Montanan You Should Know: Lauren Korn

Host of MTPR's "The Write Question"

Lauren Korn

THE BEST PART ABOUT HOSTING THE WRITE QUESTION IS: that I get to do something I know (read, have conversations with authors about their work, utilize my connections in the publishing industry) in conjunction with something I know very little about (radio—I’m still so new to it, and I have a lot to learn!). In that sense, it’s the best kind of job to have. There are equal levels of comfort and discomfort when I get in front of the mic every week.

MY FAVORITE KIND OF BOOK TO READ IS: one that skirts genre in interesting ways. I received my M.A. in poetry, and I began studying writing seriously as an undergrad by writing non-fiction; but I find that the books and the writing that I’m drawn to most are those that refuse categorization— whether that’s refusing to be called poetry and prose, or whether it’s what we know to be “creative” writing and “academic” or “scholarly” work bucking those constraints.

I FEEL MONTANA IS DIFFERENT THAN ANY OTHER STATE BECAUSE: it holds as large of a place in the imagination as it does physical space. Montana is made up of vast landscapes, both mountainous and prairie, and the way that writers have written about Montana, and the way that Montana sits in the imagination(s) of the rest of the world, rivals that beauty and that vastness.

THE BEST MONTANA-CENTRIC BOOKS I'VE EVER READ ARE: Oof. “Best” and “ever” are such intimidating words! Here’s a partial list: Perma Red by Debra Magpie Earling; Winter by Rick Bass; Another Attempt at Rescue by M.L. Smoker; The Triggering Town by Richard Hugo (Hugo, this book, and Montana are inextricable in my mind); Breaking Clean by Judy Blunt; The Miseducation of Cameron Post by Emily M. Danforth; Badluck Way by Bryce Andrews… I also really love my copy of Roadside History of Montana by Don Spritzer. (I will have a different answer to this prompt every day of the week, I think.)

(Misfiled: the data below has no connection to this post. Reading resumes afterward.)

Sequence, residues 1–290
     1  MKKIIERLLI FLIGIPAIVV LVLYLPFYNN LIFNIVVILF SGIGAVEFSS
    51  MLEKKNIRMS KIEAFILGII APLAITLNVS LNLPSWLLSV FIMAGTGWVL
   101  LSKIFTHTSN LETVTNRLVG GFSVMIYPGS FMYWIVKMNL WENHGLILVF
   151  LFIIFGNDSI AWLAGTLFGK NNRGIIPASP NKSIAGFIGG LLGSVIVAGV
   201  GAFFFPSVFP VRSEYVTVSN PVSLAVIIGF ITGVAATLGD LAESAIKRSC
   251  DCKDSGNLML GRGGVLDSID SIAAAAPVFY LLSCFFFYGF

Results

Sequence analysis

THE THING ABOUT BEING ON THE RADIO THAT MOST PEOPLE DON'T EXPECT IS: I’m not sure what most people expect, but for me, I was surprised at how my voice became so easily disembodied, so separate from my ideas about myself—my literal voice, my personality, and the way that I conduct or articulate myself. I’ve had to put aside many facets of my ego in order to begin to feel comfortable in this role, and that comfort is still slow-growing.

OTHER THAN BOOKS, MY FAVORITE THING TO READ IS: horoscopes. Admittedly, my adherence to what was once a daily routine of seeking out advice from the cosmos has waned, but I do love a well-crafted and clever horoscope. Co—Star, an app that has gotten very popular in the last two years, is probably my favorite, but I can be seduced by horoscopes found in daily newspapers and glossy magazines, too.

WHEN I'VE FINALLY HAD IT UP TO HERE WITH READING AND I NEED TO DO SOMETHING ELSE TO RELAX I’LL: work with my hands. I don’t know that I’ve ever “had it up to here with reading,” but I’ve been taking wheel-throwing lessons from Missoula-based ceramicist Courtney Murphy, and it’s been an immense joy to take a break from screens and the long work week, to get my hands muddy with clay.

THE BIGGEST REASON WHY EVERYONE IN THE WORLD SHOULD LISTEN TO THE WRITE QUESTION IS: that it’s an extension of the enthusiasm that Missoula, and Montana broadly, has for literature. I think it was Humanities Montana’s Kim Anderson that once said Montana “punches above its weight,” and The Write Question is, and aims to be, a part of that literary force.

THE ONE BOOK THAT EVERYONE IN THE WEST SHOULD READ IS: Perma Red, by Debra Magpie Earling. I’d also make the case that any book that challenges perceptions of “the West” should be read. Books like C Pam Zhang’s How Much Of These Hills Is Gold will continue to be essential to a contemporary understanding of this region and a necessary “re-writing” of its history.

OTHER THAN THE WRITTEN WORD, MY FAVORITE ART FORM IS: typography and type-setting. I love a beautiful book cover, definitely, but I admire anything that uses type in pleasing and innovative ways.

NO ONE WOULD SUSPECT THAT I: am not technically a native Montanan. My fraternal twin sister, Alicia, and I were born three months early, when our mom was air-lifted to Salt Lake City, Utah, so that she could deliver us safely. My birth certificate may not read “Montana,” but I’m a Montanan, through and through.

The Write Question

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